The National League is not exactly loaded with powerhouse teams in 2012.
For the most part, the teams with the best pitching have the weakest offenses. Or, the teams with the best offenses have the worst pitching. Then there are teams like the Miami Marlins that just cannot fire on all cylinders.
This early in the season, it is easier to eliminate which teams will not make a late-season run than to predict which teams might pull off the St. Louis Cardinals type of September magic of last season.
That leaves nine teams fighting for two wild-card spots. Those nine teams are all within five-and-a-half games of each other, which is a very narrow margin at this point in the season.
Just for perspective, the Cardinals were 9.5 games behind the Atlanta Braves and San Francisco Giants as late as August 29th of last season.
Now, more than ever, teams are likely to view themselves as "in the hunt" until the final month of the season.
In terms of the teams that are in that category, there are the Pittsburgh Pirates, who have the makings of a solid core for the future—but everyone said that last season as well when they were within one game of the NL Central lead at the All-Star break.
They are still a year away from playoff contention, in my opinion.
The Philadelphia Phillies have clearly proven that they should never be counted out, but this appears to be the year that injuries and underachieving will end their five consecutive NL East titles and playoff appearances.
The Milwaukee Brewers are lingering—at 32-37—but have received very little outside of Ryan Braun and Aramis Ramirez in terms of production. It would take a huge second-half resurgence if they are to make any noise.
As we have seen in 2010, the San Francisco Giants have proven that they can win with a mediocre offense. They rank 23rd in the MLB in runs scored, but negate that with their pitching, which is fifth in ERA.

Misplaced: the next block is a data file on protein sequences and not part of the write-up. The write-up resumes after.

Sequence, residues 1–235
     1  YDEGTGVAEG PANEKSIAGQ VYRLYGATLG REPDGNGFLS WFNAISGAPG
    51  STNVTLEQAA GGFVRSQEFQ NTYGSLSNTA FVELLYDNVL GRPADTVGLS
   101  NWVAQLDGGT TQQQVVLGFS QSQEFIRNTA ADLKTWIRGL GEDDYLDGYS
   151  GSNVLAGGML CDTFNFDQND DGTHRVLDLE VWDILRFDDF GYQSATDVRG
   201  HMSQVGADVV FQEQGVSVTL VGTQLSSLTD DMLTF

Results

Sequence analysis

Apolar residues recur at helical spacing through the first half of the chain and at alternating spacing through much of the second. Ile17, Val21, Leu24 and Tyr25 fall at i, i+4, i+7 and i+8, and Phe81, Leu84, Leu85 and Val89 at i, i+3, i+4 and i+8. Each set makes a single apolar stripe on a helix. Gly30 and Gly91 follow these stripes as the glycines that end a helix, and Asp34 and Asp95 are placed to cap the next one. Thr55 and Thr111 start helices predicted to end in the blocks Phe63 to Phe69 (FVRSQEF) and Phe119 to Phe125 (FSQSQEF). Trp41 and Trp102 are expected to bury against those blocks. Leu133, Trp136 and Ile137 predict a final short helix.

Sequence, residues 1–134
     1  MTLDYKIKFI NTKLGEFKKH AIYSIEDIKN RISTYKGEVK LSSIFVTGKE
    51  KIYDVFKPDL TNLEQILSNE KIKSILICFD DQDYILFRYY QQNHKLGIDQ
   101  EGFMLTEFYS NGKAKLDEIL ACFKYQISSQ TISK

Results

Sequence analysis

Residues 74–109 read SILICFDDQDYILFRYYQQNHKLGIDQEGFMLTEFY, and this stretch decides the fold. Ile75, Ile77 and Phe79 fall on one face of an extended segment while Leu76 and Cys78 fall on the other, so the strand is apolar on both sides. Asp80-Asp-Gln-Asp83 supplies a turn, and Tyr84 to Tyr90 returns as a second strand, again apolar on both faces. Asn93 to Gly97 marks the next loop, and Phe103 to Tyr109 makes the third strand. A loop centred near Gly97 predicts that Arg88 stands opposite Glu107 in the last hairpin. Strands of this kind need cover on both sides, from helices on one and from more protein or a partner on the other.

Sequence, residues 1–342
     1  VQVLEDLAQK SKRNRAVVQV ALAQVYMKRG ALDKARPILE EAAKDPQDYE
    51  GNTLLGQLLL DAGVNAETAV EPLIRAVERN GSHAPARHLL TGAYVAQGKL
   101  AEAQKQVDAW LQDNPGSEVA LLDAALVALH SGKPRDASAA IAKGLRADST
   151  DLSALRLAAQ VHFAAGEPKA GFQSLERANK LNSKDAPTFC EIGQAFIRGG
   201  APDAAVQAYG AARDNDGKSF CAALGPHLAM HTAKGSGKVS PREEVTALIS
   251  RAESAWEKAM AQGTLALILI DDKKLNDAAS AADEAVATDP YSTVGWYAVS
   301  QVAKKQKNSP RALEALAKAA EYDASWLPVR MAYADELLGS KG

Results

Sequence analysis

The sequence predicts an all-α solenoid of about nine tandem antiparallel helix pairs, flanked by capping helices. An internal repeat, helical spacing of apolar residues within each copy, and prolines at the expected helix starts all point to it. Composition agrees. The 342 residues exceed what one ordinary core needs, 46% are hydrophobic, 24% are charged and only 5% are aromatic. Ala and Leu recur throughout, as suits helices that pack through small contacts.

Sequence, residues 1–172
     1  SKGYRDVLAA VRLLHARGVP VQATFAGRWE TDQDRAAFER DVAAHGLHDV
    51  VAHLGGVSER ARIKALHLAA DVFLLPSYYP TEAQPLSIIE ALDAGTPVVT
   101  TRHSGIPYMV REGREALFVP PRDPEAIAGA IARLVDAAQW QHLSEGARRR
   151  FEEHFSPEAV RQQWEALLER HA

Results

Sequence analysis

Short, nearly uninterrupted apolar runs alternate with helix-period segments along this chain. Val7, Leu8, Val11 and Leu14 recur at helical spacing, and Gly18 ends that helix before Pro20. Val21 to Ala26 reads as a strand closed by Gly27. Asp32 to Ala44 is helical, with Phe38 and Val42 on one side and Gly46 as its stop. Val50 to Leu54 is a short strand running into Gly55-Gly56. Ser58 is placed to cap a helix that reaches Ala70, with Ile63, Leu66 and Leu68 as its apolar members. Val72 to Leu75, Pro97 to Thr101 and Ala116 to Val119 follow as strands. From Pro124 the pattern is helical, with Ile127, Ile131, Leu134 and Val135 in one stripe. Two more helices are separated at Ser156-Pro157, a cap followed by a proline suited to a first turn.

The remaining teams—Atlanta, Miami, St. Louis, Arizona and New York—all possess their own weaknesses and deficiencies, but have an equal chance to win one of the wild-card berths.
It appears to me that St. Louis is not the same team without Tony LaRussa and Albert Pujols, but Mike Matheny has managed them to keep them at .500 to this point. They will struggle in the second half once Lance Lynn and Kyle Lohse regress to their career norms, and they will find it difficult to replace the loss of Jaime Garcia.
If the current division leaders—Washington Nationals, Cincinnati Reds and Los Angeles Dodgers—win their respective divisions, that leaves the Giants, Mets, Braves and Miami Marlins as the most likely winners of the wild-card spots.
The Braves have long been a thorn in the side of the Mets. In recent years, the matchup has been much more balanced. This season, the Mets have the edge in the season series, four games to two.
Atlanta had a formidable pitching staff last season, as they basically were eight deep in quality arms and had three lights-out relievers.
This season, with the performances of Eric O' Flaherty and Johnny Venters not up to last year's standards, the bullpen is not as revered as it was.
The rotation just suffered a significant setback with Beachy—co-leader in ERA with R.A. Dickey—now undergoing Tommy John surgery.
Atlanta will be hard-pressed to fill in for that type of production. Jair Jurrjens did win his start after returning from the minors, but had struggled mightily to find any sort of command.
The duo of Tommy Hanson and Tim Hudson remains solid, but the absence of Beachy will prove to be a difference down the stretch.
The Mets—aided by a significantly easier second-half schedule and the promotion of Jenrry Mejia in the bullpen—will benefit greatly from Atlanta's setback, and the Mets will control their own destiny entering September.